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Critical Dictionary on Borders, Cross-Border Cooperation and European Integration

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Edited By Birte Wassenberg and Bernard Reitel

This Critical Dictionary on Borders, Cross-Border Cooperation and European Integration is the first encyclopaedia which combines two so far not well interconnected interdisciplinary research fields, i.e. Border Studies and European Studies. Organised in an alphabetical order, it contains 207 articles written by 115 authors from different countries and scientific disciplines which are accompanied by 58 maps. The articles deal with theory, terminology, concepts, actors, themes and spaces of neighbourhood relations at European borders and in borderlands of and around the European Union (EU). Taking into account a multi-scale perspective from the local to the global, the Critical Dictionary follows a combined historical-geographical approach and is co-directed by Birte Wassenberg and Bernard Reitel, with a large contribution of Jean Peyrony and Jean Rubio from the Mission opérationnelle transfrontalère (MOT), especially for the cartography. The Dictionary is also part of four Jean Monnet activities supported by the Erasmus+ programme of the European Union for the period 2016-2022: two Jean Monnet projects on EU border regions (University Strasbourg), one Jean Monnet network (Frontem) and the Franco-German Jean Monnet excellence Center in Strasbourg, as well as the Jean Monnet Chair of Bernard Reitel on borders and European integration. Rather than being designed as an objective compilation of facts and figures, it should serve as a critical tool for discussion between researchers, students and practitioners working in the field of borders, cross-border cooperation and European Integration.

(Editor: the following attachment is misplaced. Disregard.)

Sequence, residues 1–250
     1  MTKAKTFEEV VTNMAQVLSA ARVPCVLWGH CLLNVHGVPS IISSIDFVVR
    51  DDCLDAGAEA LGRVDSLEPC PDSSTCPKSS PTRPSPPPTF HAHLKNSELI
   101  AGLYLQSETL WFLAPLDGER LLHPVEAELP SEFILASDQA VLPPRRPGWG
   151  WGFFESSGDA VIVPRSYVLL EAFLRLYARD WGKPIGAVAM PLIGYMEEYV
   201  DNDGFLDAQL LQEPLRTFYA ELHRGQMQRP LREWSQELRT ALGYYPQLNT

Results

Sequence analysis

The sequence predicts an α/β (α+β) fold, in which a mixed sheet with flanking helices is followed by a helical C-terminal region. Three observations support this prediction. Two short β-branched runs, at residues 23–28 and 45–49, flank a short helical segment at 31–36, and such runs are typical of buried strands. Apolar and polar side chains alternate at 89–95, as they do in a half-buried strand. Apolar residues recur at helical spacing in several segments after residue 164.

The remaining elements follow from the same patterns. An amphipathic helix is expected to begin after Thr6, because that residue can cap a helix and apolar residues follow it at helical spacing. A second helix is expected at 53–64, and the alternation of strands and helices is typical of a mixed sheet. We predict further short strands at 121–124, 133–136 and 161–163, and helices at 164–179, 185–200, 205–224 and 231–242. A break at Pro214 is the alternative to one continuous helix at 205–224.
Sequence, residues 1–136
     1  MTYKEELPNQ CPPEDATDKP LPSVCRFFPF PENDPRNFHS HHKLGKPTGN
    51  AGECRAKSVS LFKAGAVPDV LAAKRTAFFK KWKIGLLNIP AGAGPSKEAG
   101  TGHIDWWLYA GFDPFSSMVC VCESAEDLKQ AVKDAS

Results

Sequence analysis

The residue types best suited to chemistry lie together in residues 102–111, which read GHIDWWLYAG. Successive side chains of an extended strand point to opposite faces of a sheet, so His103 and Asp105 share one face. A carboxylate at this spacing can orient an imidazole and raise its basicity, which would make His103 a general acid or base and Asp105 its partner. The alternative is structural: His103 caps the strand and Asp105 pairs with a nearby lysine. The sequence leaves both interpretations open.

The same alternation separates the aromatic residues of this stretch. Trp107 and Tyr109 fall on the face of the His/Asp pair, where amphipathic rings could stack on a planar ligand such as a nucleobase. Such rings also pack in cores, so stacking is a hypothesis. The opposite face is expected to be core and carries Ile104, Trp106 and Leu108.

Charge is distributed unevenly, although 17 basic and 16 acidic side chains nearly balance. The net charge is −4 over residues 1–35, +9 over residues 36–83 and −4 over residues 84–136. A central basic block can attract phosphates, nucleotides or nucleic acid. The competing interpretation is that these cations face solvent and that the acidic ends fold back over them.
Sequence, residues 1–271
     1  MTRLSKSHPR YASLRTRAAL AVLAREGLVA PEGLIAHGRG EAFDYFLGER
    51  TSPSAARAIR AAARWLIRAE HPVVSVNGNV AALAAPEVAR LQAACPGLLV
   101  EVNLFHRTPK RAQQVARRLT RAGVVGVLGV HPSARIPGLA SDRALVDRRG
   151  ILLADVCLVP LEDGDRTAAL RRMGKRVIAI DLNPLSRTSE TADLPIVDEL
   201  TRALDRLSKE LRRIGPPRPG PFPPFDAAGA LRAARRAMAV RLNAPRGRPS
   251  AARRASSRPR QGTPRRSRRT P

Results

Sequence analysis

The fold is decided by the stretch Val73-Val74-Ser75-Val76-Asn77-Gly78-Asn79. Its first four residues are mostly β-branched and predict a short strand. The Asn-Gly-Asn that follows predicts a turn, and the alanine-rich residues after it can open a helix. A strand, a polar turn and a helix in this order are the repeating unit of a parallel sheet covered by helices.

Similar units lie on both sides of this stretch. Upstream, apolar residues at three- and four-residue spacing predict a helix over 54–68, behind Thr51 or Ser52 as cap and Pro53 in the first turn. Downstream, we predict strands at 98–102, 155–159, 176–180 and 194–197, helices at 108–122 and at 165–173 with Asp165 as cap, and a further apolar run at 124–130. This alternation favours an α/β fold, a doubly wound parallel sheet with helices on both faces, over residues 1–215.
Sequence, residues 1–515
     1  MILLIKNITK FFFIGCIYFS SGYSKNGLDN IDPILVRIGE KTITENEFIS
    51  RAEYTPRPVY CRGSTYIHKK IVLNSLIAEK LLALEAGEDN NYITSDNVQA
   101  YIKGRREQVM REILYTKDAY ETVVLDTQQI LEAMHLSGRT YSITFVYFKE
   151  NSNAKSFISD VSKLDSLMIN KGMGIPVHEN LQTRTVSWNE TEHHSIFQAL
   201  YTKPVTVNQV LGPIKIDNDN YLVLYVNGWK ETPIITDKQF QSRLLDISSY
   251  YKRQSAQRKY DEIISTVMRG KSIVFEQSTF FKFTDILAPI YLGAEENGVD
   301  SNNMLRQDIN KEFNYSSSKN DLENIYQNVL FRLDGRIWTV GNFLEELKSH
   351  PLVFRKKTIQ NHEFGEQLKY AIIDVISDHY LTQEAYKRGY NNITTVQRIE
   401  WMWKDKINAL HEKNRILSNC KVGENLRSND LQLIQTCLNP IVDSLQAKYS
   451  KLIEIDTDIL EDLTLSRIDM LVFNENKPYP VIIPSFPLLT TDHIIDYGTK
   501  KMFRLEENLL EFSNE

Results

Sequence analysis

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Euroregion Krušnohoří/Erzgebirge

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The mountains of Krušnohoří /Erzgebirge, dividing since 9th century Czech and Saxon territory, gave a name to this cooperation. The territory of the Euroregion covers 4733 km2, with the Czech part being insignificantly bigger. There are around 720 000 inhabitants – 55 % of which live in two districts; Kreis in Germany and Czechia. It has polycentric urban organization with no dominant metropolis. The Czech part of the region was exploited for its heavy industry during the whole of the communist period and is among the most polluted parts of Europe mainly due to extensive brown-coal mining.

People who lived in Czech-German border areas spoke German until 1945 when the German-speaking population was expelled from Czechoslovakia and the territory was resettled by people from other parts of the country. These changes created a territory with two languages after World War II and where the spirit of non-cooperation on regional level prevailed. Although both countries belonged to the communist bloc, the borders were a barrier and could have been qualified as coexistent borders, where the border functions primarily to filter transborder flows while the parties maintain contact and cooperate when required to solve common problems.

The bilateral Czech-German Euroregion was established in 1993 and was one of the first Euroregions with participation of Czech actors. It belongs among the first cooperation entities created by the regions from both countries of the “old” European Union (EU) and post-Soviet bloc – although the Saxon part of newly created...

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